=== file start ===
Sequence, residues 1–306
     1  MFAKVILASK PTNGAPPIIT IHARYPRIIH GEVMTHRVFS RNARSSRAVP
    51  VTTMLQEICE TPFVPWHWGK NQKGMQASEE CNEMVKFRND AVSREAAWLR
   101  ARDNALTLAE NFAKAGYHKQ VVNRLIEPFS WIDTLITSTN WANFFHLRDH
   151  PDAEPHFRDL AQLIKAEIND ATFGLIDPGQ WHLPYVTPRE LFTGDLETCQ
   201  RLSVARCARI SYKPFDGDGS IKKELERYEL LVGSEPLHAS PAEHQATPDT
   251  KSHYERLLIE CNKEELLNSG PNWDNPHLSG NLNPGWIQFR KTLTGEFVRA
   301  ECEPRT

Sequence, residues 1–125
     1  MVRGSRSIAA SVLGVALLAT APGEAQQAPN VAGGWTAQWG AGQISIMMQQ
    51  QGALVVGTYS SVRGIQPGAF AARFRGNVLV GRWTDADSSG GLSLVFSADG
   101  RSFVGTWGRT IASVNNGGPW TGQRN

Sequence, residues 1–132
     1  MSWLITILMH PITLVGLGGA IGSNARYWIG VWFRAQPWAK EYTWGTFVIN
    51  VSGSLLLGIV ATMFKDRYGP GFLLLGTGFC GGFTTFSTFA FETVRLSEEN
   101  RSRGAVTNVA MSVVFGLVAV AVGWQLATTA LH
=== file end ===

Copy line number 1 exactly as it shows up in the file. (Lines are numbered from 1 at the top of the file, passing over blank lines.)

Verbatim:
Sequence, residues 1–306